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Microfluidics

Chemistry in Pictures: Simulating cancer

by Manny Morone
July 5, 2018

 

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Credit: Karolina Valente
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Credit: Karolina Valente

To see how molecules move through tight spaces, researchers at the University of Victoria in British Columbia made these fluidic chips with channels that are 2,000 and 500 µm wide. The scientists injected the channels with a hydrogel and cancer cells, as well as fluorescent chemicals (fluorescein shows up as yellow-green; gold nanoparticles show up as red). They tracked the fluorescence through the channels to watch how the chemicals traveled through the gel environment. The team hopes their research will help predict how chemotherapy drugs and gold nanoparticles, which can also be used to treat cancer, travel through tissues in the body on their way to tumors.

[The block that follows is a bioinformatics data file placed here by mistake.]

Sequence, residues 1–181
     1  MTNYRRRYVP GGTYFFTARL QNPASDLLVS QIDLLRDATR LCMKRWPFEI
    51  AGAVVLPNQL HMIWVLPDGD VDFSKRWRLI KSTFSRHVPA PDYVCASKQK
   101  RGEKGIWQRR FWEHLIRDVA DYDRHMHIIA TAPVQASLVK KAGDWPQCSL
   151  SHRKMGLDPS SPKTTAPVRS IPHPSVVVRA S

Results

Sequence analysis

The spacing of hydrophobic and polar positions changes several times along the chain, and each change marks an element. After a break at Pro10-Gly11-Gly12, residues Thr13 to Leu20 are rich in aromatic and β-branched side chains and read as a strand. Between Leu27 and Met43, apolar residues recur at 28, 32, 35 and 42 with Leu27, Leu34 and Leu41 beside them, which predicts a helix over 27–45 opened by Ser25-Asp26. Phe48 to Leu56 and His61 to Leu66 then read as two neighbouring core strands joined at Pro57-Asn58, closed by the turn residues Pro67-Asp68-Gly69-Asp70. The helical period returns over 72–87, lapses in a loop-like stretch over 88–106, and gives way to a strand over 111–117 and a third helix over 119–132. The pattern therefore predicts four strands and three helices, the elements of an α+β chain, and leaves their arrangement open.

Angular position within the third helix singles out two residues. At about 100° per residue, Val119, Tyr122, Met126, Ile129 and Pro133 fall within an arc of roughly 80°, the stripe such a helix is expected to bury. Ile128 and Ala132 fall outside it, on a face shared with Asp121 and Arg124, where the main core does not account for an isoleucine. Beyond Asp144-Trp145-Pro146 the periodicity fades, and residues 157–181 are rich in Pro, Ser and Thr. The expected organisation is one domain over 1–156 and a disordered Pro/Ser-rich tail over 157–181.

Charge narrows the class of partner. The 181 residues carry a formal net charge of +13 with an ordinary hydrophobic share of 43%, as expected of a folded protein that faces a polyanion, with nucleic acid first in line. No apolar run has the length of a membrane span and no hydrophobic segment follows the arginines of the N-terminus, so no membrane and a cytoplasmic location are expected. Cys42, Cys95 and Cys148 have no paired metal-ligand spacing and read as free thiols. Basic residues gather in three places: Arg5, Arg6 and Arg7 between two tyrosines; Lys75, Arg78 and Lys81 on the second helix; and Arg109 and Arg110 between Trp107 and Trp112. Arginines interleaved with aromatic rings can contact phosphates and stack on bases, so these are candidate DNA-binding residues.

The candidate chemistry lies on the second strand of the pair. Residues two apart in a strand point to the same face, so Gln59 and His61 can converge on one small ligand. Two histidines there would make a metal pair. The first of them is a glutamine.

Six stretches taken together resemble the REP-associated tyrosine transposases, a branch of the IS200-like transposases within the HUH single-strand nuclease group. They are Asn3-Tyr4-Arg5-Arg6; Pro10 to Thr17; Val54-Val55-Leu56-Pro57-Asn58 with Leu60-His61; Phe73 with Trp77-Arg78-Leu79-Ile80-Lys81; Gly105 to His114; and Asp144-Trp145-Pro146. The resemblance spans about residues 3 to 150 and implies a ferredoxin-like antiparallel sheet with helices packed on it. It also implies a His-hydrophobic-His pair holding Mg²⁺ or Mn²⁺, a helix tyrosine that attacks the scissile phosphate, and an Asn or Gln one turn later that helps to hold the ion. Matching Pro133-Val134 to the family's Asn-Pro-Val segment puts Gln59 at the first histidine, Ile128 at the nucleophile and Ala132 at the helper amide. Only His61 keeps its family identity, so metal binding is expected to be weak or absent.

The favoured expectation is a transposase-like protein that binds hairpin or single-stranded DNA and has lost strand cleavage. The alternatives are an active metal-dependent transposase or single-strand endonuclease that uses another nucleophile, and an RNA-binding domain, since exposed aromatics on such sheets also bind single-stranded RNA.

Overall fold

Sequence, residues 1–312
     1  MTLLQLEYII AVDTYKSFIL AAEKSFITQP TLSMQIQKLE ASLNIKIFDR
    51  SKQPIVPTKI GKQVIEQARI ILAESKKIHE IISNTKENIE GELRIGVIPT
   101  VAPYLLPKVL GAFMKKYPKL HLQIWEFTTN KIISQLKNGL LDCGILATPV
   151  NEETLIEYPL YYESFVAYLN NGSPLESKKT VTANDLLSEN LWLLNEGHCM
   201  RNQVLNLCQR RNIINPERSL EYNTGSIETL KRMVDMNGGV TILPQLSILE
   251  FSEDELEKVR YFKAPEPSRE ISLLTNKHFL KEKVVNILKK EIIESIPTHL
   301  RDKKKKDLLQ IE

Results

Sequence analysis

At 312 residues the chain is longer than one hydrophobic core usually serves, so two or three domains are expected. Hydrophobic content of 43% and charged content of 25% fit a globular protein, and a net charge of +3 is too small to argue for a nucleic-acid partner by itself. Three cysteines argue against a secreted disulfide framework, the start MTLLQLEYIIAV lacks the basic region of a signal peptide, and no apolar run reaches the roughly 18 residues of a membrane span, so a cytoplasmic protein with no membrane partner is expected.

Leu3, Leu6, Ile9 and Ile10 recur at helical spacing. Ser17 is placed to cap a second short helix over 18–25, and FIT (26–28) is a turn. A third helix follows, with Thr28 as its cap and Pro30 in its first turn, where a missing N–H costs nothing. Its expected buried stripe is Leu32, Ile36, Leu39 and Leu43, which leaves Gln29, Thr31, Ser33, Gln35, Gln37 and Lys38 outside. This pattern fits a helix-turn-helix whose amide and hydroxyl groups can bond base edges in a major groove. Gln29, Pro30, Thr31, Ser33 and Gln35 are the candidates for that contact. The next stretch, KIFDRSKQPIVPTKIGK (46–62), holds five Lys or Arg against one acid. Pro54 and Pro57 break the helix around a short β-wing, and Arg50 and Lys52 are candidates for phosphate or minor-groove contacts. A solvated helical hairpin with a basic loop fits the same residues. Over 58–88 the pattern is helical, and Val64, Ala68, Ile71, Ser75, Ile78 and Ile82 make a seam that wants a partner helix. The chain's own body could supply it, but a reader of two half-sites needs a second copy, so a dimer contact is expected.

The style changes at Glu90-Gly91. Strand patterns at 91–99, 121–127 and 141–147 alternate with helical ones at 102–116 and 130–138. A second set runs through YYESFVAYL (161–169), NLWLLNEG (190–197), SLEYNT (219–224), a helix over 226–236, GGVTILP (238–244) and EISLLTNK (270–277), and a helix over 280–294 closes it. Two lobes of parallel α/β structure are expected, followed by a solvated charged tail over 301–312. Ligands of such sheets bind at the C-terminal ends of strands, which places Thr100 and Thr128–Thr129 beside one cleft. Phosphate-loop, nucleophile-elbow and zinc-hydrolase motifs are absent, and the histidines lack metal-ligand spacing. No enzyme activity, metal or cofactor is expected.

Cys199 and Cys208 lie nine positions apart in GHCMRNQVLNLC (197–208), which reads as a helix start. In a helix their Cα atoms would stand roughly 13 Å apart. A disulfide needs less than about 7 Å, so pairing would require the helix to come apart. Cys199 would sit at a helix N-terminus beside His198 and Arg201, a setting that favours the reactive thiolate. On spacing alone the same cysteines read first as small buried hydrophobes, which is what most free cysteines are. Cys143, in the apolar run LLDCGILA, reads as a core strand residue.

Submitted by Karolina Valente


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